Many 1940s-60s houses will have been altered – for example to provide indoor-outdoor flow – but few have been brought up to modern energy efficiency standards.
State houses that have been sold into private ownership may have had significant alterations carried out, especially in areas where growing property values have justified it. The biggest indication of their origins may be from the surrounding houses, as state housing tended to be built in clusters or developments.
Privately built housing from the 1940s-60s is also likely to have undergone some alteration.
However, despite the fact that both state and private houses generally had no insulation installed, and that private housing was generally built without consideration for orientation to benefit from solar gain, any alterations are likely to have focused more on increasing living space and meeting modern lifestyle requirements than on energy efficiency.
Although houses classified as ‘the New Zealand style’ were innovative and are more likely than mass produced houses to have retained their principal features, they are also likely to fall short of current energy efficiency requirements as insulation was either not included or minimal by today’s standards. In addition, the use of larger areas of single glazing means that the there will be significant heat loss through the glass.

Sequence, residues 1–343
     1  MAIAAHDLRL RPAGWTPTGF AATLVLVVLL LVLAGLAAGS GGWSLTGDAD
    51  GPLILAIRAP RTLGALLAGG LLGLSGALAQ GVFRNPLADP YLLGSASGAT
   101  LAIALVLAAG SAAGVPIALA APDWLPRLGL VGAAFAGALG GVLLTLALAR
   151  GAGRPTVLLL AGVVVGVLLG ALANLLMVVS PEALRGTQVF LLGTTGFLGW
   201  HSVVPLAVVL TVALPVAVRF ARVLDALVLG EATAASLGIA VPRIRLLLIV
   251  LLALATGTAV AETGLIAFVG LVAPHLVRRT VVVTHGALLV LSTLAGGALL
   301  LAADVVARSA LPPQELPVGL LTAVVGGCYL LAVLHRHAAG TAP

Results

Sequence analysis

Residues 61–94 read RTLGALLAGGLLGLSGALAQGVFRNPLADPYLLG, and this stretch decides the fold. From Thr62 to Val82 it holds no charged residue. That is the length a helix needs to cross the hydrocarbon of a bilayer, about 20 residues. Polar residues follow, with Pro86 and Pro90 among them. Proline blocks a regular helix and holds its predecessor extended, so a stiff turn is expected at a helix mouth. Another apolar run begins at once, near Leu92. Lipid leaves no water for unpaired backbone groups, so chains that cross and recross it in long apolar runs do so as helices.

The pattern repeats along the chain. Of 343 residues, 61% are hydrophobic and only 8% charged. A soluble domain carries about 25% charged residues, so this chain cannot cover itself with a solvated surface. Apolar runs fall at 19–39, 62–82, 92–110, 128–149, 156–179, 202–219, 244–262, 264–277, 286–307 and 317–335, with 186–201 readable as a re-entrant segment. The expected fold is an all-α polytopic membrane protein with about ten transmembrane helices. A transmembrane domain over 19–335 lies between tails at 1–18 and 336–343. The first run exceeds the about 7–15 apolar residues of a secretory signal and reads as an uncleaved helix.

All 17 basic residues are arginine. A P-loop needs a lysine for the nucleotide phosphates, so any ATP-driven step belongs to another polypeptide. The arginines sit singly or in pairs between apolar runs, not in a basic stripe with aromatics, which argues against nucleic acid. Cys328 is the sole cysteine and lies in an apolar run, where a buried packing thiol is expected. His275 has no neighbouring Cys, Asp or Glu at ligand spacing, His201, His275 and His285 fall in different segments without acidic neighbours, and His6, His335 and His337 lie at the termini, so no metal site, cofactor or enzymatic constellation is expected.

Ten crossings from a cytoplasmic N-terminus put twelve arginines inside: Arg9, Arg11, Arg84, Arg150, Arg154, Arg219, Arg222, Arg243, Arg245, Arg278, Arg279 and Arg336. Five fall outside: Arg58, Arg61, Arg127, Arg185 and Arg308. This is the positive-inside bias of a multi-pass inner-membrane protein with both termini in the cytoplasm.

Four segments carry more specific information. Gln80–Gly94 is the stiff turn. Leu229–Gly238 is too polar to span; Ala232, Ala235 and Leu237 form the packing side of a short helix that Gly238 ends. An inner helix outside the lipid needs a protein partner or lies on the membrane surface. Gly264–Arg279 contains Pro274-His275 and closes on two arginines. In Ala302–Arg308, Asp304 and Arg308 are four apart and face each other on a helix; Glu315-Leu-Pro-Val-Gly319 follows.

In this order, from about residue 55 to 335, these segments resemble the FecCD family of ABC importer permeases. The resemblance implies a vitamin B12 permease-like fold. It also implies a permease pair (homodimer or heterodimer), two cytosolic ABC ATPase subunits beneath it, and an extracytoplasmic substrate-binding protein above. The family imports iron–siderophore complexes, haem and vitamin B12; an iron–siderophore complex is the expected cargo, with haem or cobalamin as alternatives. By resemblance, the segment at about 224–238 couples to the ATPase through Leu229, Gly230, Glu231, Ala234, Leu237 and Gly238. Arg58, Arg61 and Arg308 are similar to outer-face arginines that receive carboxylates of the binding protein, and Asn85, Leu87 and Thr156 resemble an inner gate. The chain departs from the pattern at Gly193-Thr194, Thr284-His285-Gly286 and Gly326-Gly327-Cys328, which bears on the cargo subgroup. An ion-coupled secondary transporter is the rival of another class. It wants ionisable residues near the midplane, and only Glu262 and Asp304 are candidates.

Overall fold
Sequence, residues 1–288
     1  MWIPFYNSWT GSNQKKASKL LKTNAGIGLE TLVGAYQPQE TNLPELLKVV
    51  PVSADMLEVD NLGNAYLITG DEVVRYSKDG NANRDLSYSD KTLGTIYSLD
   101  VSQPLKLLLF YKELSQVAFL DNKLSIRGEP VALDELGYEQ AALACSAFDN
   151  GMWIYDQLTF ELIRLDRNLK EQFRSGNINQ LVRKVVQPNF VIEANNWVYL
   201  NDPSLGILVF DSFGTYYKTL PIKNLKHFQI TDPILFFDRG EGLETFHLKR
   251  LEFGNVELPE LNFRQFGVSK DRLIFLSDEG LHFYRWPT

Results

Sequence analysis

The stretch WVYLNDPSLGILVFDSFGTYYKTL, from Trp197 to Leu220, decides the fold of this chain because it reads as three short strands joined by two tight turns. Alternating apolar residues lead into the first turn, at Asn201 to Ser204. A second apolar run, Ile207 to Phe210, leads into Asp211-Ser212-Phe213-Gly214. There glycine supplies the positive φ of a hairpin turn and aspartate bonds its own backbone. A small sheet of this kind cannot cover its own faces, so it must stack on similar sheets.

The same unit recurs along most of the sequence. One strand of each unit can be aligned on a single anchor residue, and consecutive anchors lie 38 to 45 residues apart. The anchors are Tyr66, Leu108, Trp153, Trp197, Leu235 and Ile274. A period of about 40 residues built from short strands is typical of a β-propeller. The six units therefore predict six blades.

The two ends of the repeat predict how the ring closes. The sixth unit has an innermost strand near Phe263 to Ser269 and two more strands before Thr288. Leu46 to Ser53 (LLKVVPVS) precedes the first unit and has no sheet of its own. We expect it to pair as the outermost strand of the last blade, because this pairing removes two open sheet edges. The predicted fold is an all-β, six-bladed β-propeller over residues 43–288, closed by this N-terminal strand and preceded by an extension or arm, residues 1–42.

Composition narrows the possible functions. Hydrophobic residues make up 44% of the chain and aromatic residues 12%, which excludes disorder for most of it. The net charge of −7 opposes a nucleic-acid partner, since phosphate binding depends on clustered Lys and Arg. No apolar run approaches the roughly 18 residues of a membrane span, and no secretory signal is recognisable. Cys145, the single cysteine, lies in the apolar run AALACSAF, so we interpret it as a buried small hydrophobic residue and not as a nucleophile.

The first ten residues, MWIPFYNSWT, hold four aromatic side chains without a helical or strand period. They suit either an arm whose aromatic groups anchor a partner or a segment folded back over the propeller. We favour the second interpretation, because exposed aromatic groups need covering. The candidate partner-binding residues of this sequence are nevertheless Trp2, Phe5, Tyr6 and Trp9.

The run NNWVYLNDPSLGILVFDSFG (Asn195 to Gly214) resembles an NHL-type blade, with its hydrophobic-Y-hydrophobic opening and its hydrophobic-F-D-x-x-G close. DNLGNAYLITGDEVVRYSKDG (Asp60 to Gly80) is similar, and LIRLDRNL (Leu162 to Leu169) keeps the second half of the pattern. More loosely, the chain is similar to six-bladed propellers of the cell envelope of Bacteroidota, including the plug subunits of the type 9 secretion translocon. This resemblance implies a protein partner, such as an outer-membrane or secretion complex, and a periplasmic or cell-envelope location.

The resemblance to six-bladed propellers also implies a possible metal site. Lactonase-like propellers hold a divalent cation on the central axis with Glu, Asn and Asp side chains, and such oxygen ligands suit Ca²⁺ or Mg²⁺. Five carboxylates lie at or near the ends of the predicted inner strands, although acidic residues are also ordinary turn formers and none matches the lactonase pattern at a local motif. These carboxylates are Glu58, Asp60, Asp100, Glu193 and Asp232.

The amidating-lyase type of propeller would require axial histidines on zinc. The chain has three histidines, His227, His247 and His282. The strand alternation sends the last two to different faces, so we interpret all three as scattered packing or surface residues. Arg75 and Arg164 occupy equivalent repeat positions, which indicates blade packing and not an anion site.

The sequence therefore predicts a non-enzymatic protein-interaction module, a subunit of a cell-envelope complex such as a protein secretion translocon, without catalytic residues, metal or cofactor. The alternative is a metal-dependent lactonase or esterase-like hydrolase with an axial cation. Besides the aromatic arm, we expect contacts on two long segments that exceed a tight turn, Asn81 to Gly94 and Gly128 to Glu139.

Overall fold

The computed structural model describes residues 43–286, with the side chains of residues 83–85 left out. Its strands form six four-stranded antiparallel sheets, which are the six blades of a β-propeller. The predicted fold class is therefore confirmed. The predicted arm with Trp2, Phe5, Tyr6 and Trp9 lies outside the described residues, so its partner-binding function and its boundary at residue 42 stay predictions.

Where renovations to improve energy efficiency have been carried out, depending on when they occurred they are likely to be the installation of roof space insulation where access is available, and possibly underfloor insulation. The cost of installing wall insulation is generally not justified. While existing glazing may have been replaced by double-glazed units, the large areas of glazing means this is not common.
It is likely that a large proportion of the houses built during the 1940s-1960s will require upgrading to bring them up to current standards of energy efficiency.
An advantage when renovating houses built during this period is that the original drawings are often available – something that was typically lacking for houses built in earlier periods.